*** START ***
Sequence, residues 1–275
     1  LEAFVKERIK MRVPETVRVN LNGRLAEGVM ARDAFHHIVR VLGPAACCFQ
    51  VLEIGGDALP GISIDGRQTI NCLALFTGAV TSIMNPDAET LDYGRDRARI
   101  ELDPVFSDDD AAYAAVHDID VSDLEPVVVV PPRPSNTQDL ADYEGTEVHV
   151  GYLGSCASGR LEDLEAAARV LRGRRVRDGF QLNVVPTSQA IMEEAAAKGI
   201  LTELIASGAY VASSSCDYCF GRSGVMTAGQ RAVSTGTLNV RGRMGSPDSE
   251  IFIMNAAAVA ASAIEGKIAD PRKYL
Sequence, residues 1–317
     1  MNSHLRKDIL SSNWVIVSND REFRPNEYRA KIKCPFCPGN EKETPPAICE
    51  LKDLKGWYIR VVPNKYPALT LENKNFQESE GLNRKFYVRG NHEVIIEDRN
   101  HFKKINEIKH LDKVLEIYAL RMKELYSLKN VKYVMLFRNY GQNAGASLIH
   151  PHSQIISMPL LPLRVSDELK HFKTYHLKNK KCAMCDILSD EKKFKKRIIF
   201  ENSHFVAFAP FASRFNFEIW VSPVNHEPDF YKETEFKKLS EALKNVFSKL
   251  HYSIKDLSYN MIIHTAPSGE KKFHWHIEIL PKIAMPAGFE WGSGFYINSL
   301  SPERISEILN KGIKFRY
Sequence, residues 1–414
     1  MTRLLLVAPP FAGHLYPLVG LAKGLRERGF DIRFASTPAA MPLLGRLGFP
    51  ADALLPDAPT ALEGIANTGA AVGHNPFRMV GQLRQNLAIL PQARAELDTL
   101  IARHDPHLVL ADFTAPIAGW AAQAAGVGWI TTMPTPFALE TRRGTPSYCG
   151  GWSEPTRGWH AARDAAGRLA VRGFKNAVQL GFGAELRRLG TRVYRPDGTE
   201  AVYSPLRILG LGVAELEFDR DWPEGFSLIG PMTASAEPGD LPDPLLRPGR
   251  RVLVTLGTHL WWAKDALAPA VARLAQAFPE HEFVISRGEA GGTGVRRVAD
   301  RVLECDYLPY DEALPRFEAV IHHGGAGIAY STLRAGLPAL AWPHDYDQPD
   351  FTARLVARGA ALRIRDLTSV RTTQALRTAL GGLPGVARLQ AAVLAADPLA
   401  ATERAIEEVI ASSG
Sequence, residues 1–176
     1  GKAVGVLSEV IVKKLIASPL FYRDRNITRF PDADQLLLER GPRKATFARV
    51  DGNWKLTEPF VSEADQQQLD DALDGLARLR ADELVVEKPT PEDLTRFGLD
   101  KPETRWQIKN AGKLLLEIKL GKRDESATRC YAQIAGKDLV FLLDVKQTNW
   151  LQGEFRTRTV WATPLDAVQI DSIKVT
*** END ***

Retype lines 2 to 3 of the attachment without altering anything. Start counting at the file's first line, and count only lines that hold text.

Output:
     1  LEAFVKERIK MRVPETVRVN LNGRLAEGVM ARDAFHHIVR VLGPAACCFQ
    51  VLEIGGDALP GISIDGRQTI NCLALFTGAV TSIMNPDAET LDYGRDRARI